Polishing a painted surface helps to bring it to shine. It is achieved by applying a mild abrasive to the paint and rubbed either by hand, or a polishing machine to achieve a smooth and shiny surface devoid of scratches, contamination and oxidation.
If you are thinking that it seems like a perilous process, it really is. During the polishing process, clear coat or paint is being removed by the abrasive compound, effectively thinning out the coat of paint on your car.
Polishing is a complicated job that should be done by professionals. Using a car polish compound that is too harsh can remove too much paint, too quickly, causing irreversible damage. If the compound is way too gentle (usually those that you can find off the shelves at departmental stores), you likely wouldn't be able to see much results after spending much time. The difficulty to get a satisfying finish is compounded by the lack of proper equipment such as a rotary or dual-action polishing machine.
A proper car polish can be costly, as it can require multiple steps of polishing with polishing compounds and pads of different harshness. While you are paying for the detailer's expertise, you are also paying for the time it takes - it isn't uncommon for a polishing job to take more than a day's time!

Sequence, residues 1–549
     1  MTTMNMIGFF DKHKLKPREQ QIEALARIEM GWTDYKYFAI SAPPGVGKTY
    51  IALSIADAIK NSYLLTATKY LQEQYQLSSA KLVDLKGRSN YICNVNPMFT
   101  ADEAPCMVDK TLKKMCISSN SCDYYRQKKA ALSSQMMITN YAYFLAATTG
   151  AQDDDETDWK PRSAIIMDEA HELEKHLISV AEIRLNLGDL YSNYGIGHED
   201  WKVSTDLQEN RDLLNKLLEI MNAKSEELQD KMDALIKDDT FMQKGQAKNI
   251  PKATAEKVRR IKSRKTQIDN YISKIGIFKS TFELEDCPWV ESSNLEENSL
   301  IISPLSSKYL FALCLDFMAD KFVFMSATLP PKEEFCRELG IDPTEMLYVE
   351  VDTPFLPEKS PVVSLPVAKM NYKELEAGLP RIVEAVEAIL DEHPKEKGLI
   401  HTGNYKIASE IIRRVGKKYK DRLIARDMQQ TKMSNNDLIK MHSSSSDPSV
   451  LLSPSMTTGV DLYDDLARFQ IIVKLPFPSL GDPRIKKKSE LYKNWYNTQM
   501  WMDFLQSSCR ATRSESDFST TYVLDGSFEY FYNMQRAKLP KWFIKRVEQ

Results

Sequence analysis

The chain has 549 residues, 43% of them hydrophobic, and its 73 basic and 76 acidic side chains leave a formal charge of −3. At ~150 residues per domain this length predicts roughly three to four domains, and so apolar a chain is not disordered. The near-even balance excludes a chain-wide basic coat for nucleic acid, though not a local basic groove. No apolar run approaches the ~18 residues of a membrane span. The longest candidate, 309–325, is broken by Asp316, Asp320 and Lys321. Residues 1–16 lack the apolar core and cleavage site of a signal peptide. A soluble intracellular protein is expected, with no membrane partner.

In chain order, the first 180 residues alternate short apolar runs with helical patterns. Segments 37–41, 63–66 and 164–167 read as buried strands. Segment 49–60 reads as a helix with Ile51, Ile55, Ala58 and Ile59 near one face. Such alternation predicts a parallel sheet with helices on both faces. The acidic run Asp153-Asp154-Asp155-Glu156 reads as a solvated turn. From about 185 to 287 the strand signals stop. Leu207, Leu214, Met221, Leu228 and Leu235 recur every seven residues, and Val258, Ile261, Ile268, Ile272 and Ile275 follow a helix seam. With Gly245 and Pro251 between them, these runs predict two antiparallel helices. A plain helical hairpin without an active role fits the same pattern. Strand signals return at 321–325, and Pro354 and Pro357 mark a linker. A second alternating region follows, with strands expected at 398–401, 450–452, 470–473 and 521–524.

While polishing removes the defects on your car's paint, it also leaves it unprotected from contaminants and UV rays. Hence, it is a procedure that should always be followed with the application of some form of paint protection. That's where waxes, sealants and ceramic coatings come into the picture.
Traditional car wax
Car wax has been around for a long time and is probably one of the first forms of paint protection that is widely used. Waxes can be made from natural sources such as carnauba or from synthetic sources such as silicones.
What they do, is to serve as the first line of defence from the outside world - dust, sand and other contaminants in the air, UV rays, dirty water from road spray and rain. The wax fills in all the gaps in your car's clearcoat - minute scratches and imperfections that causes your paintwork to look dull and marred, to achieve an even and nice shiny finish.
There are many benefits to using car waxes, they are generally affordable, easy to apply and can result in a satisfying shine. However, car waxes do not last nearly as long as the other forms of paint protection and aren't as resistant to the elements when compared with the other, more advanced forms of paint protection.